Lesley Ellen Harris is a lawyer, writer, and teacher who specializes in copyright law.

Accompanying material online

Reviewed from a copy borrowed from the library.

November 7, 2014

Ethics for Editors Seminar

Understand your role.

Keep your promises.

These were the guiding principles behind our discussions during an Editors’ Association of Canada seminar taught by Mary Schendlinger of Geist magazine.

Why does a copy editor need to understand ethical issues?

Editors are the front line of the publishing industry: after authors, editors work most closely with manuscripts, and often, that makes them the publishing professionals who flag potential libel, copyright infringement, plagiarism, invasion of privacy, and biased language. If you work with self-publishing authors, you might be the only publishing expert who can warn the author about these issues.

Responsibilities to many stakeholders

You may think of publishing ethics in terms of dealing with your employers or clients, but there is a much wider range of stakeholders to consider: authors; readers; your colleagues and the larger community of writers and artists; other publishing professionals, such as printers, designers, booksellers, libraries, advertisers, and investors; and the environment.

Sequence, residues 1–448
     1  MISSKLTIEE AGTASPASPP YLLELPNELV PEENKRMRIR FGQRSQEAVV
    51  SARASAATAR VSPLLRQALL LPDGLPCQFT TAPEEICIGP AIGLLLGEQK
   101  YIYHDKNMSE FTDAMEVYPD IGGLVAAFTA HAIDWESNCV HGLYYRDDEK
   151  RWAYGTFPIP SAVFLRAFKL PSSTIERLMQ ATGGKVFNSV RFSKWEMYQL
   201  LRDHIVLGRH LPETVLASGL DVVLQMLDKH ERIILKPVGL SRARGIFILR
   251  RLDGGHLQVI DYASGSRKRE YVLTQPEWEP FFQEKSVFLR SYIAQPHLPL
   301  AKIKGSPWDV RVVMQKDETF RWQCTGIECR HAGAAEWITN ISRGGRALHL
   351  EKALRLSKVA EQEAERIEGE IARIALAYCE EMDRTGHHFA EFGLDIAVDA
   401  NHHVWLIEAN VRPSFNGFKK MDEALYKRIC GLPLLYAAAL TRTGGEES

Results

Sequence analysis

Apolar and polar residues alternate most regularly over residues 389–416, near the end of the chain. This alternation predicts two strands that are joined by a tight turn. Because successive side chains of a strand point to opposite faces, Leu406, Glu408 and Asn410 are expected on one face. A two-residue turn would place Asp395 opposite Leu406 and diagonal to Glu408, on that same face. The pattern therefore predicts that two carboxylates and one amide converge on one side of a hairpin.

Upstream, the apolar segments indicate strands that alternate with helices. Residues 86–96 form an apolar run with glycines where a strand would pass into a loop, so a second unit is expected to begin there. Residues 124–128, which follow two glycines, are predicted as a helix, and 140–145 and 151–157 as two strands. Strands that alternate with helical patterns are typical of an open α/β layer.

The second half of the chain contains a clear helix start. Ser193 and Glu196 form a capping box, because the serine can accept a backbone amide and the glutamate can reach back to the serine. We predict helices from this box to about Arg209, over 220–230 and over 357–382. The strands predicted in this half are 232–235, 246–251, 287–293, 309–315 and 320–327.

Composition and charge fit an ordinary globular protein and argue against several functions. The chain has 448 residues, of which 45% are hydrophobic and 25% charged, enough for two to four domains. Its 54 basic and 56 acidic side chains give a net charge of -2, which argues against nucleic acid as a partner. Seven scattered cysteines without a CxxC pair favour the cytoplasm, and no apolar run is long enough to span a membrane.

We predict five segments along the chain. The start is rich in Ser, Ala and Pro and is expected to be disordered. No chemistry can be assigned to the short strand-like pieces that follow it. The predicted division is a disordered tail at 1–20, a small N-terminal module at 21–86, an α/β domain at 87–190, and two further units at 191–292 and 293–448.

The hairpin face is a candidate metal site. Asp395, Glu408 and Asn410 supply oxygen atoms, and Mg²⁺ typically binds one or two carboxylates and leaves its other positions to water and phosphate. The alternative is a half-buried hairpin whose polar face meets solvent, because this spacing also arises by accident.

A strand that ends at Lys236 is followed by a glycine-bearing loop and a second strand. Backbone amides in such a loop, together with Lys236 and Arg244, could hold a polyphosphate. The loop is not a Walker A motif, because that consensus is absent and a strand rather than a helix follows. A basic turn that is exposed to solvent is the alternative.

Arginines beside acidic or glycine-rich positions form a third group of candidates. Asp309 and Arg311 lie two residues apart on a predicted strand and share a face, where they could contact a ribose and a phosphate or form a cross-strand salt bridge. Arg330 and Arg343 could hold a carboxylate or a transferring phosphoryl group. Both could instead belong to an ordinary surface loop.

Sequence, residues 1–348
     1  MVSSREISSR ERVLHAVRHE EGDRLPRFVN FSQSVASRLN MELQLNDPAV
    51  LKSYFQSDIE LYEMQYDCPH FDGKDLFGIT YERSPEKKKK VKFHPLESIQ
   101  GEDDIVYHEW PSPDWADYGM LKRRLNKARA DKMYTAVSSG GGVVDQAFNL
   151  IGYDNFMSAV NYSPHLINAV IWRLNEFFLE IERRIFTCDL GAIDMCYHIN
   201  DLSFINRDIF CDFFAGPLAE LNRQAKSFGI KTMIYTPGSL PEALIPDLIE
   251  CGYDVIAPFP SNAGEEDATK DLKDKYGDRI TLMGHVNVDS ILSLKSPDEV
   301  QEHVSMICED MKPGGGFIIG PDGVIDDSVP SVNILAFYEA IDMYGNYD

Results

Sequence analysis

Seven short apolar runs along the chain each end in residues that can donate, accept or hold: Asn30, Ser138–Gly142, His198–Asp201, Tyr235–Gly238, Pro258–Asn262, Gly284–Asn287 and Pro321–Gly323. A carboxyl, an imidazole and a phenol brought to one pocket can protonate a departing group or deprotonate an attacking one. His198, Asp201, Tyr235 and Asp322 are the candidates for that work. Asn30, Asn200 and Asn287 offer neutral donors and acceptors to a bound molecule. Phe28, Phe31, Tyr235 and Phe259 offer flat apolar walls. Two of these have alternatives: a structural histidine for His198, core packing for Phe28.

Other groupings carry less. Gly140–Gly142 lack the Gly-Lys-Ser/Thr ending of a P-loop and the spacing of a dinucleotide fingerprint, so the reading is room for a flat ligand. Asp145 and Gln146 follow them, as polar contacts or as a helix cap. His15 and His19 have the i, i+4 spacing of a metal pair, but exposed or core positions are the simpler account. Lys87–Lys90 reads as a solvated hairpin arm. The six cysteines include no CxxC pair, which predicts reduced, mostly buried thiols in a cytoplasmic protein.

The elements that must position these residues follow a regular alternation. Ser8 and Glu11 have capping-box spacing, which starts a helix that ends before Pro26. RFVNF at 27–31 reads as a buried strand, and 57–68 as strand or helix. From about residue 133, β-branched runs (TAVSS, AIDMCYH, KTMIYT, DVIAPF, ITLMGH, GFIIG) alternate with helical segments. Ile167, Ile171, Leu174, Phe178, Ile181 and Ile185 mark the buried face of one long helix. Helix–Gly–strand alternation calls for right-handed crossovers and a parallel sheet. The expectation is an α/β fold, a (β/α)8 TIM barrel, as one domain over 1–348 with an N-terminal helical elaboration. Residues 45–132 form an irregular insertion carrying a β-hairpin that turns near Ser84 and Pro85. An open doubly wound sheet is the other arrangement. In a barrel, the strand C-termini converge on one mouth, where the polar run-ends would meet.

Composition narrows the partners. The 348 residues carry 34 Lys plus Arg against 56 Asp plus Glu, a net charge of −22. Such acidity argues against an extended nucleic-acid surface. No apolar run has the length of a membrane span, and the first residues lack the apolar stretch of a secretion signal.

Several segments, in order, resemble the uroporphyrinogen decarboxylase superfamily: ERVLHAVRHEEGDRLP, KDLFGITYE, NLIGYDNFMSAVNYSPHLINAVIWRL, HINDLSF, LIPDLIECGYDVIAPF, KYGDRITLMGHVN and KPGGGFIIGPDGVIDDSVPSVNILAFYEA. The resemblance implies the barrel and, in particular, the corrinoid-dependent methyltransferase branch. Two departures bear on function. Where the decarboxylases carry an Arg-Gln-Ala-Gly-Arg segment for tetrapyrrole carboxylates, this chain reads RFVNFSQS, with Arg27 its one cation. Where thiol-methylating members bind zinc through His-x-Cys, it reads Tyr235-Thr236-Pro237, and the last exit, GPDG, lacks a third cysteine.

• The author’s hard work and creativity should be respected. Copyright law gives them the right to be credited and compensated, and for their work to be published without distortion.
  • The reader deserves a good product.
  • You can support your colleagues and the publishing community by participating in industry events and supporting professional associations. Treat your clients and staff well. Be honest and fair with your professional recommendations.
  • Consider the environmental footprint of your publications and your work methods. Even Internet use has an energy cost.

Some questions and common problems

Here are a few questions that came up together with answers that were offered.

When you’re a freelance editor, is it OK to turn away a manuscript because you don’t agree with the opinions expressed in it or you just don’t feel like working on it? Yes. It’s OK to choose projects that you’ll enjoy working on, and the editing process works best when the editor is enthusiastic about the project.